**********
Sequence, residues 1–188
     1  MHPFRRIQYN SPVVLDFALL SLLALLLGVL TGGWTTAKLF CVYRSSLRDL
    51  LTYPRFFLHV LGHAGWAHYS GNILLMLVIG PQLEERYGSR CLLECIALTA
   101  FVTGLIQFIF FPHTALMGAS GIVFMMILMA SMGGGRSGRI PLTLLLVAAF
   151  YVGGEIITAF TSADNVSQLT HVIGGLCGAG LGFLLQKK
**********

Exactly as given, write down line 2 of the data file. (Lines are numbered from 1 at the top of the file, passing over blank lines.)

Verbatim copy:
     1  MHPFRRIQYN SPVVLDFALL SLLALLLGVL TGGWTTAKLF CVYRSSLRDL